“Puentes” program bridges parts of Latinx students’ identities, motivates students

Mentoring Mark: Chatting in the hallway, spanish teacher Mark Bauman and junior Sam Isaac meet for their mentoring session. Photo

Leah Desserich

Mentoring Mark: Chatting in the hallway, spanish teacher Mark Bauman and junior Sam Isaac meet for their mentoring session. Photo

Abby McKew, staff writer

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Many students at South that need support get it from their school guidance counselor or social worker. The Puentes Mentor Program also supports students, but specifically Latinx students.

South students have various outlets that provide support for their goals, aspirations and hopes for the future. Perhaps a student might visit the Student Services Department for information about options for college, or talk to their classroom teachers for advice and insight into what classes they should take for oncoming years. However, for some South Latinx students, they know without doubt who their outlet for guidance and support is: Puentes Mentoring Program.

Veronica Reyes, co-founder of the Puentes program, explained the need for a program to guide Latinx students through high school.

“As teachers in the Spanish Heritage Learners program, [Gabrielle Mikos and I] noticed a void for some of our Latinx students in regards to mentorship and accessibility to various opportunities South has to offer,” Reyes said. “The first step was a mentor program where our Latinx students could find an adult they could go to with questions, concerns, or help them navigate the resources that are available to them.”

Junior Sam Isaac said that Puentes has shaped her life in many ways, helping her thrive in school and encouraging a sense of maturity and courage when it comes to her academics. With her mentor’s encouragement, Isaac has grown more confident in her abilities as a student at South, Isaac said.

“[Puentes] has helped me mature and really makes me think about my future,” Isaac explained. “I wouldn’t have gotten into an AP class without them.”

One way Puentes helps students is by giving them a trusted adult to help them through the stress of school, Isaac stated. Every semester, each member of the program is assigned a mentor, a teacher at South with whom they meet one-on-one during their SRTs; in these meetings, Issac shared many great memories with her mentors.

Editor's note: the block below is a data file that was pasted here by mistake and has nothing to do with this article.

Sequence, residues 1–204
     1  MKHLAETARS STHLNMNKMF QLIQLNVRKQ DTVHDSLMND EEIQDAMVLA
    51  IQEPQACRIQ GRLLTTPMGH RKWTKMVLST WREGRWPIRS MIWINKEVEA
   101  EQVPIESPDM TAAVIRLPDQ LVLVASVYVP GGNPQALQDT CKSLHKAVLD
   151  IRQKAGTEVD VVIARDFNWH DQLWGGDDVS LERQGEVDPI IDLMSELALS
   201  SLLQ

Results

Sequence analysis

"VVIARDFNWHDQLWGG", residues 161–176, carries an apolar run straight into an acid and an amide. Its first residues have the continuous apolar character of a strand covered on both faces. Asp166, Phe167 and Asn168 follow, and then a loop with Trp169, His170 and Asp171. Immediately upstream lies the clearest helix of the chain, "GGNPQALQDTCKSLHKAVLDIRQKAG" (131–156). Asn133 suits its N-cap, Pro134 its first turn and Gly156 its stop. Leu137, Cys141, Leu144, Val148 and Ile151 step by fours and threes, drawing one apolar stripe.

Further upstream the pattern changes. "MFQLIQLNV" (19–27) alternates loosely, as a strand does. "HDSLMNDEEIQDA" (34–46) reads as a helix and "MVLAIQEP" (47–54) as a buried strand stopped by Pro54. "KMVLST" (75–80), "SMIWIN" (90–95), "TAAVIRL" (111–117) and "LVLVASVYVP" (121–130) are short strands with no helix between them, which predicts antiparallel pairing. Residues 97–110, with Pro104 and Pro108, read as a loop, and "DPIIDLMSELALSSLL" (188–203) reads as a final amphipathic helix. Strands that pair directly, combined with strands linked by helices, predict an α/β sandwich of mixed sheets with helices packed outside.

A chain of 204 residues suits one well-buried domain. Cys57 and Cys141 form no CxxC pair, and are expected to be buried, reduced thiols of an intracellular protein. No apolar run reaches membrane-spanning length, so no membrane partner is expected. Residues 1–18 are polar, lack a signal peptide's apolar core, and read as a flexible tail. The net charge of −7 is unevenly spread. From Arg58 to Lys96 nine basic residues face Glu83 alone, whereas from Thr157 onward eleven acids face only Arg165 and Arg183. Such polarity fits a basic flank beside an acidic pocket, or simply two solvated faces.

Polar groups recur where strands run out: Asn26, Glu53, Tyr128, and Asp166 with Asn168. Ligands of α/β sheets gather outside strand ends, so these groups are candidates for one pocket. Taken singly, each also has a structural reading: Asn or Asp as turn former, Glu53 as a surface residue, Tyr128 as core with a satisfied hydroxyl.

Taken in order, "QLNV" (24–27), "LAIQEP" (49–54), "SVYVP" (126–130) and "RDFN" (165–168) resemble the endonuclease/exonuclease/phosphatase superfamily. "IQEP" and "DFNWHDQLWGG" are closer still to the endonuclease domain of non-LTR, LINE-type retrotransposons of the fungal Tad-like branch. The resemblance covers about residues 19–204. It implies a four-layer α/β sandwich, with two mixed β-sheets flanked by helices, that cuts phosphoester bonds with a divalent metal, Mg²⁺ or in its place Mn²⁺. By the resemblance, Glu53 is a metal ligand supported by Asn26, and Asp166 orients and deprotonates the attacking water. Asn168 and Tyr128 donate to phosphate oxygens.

“[One of my favorite memories] was my birthday with Miss Suarez,” Isaac said. “I brought in cupcakes and she brought in her other mentee and then we played bingo.”

Students have the opportunity to speak to their individual mentor about any goal they have and they can seek advice from them.

“It could be a social, emotional, academic, community or family goal,” Reyes said. “It’s very much an individualized program. They are just navigating and discussing this goal that they create together.”

Mikos stated that the Puentes Mentor Program is still relatively new and is evolving since its creation. The original mindset was to match one individual mentor with one member, but mentors realized that this would not be possible because of schedule changes.

“We have changed that mindset, to where you could be jumping from mentor to mentor [with] the positive of that being able to have different perspectives,” Mikos said. “With that, we realized that there would be a lot more shifts and we really started focusing on the full program activities.”

Mikos’ favorite aspect of Puentes is being able to see the members of the program grow academically and with their personal goals. Mikos also teaches a two-year Spanish heritage course at South so she can see the growth of many members in the program.

“To see the growth and success of the students and to see how far they’ve come is a really gratifying feeling,” Mikos said. “I have many students who are involved in the program in my heritage class, so it’s been really interesting to see the students evolve, knowing what their goals are seeing that evolve over the course of these two years.”

Junior Emmanuel Sanjuan, a member of the Puentes program, said the program has helped set goals and complete them. For Sanjuan, motivation to complete his personal goals and aspirations comes from his mentors’ help.

“Setting goals for me is pretty hard without having somebody to check on me and see my progress,” Sanjuan said. “Puentes has helped me become a more productive and independent person. I have been working on projects more by myself because then I can report back with something positive.”

For Sanjuan, the support that his mentors give him goes beyond his high school career. The best way Puentes supported Sanjuan was helping him prepare and apply for college, Sanjuan explained.

“My recent mentor let me know what I needed to do to get ready for the ACT and SAT,” Sanjuan said. “She helped me find out when college visits are and what I need to do to get into colleges. Her daughter has already been through this experience and [my mentor] shared this with me and it helped so much getting me ready for college.”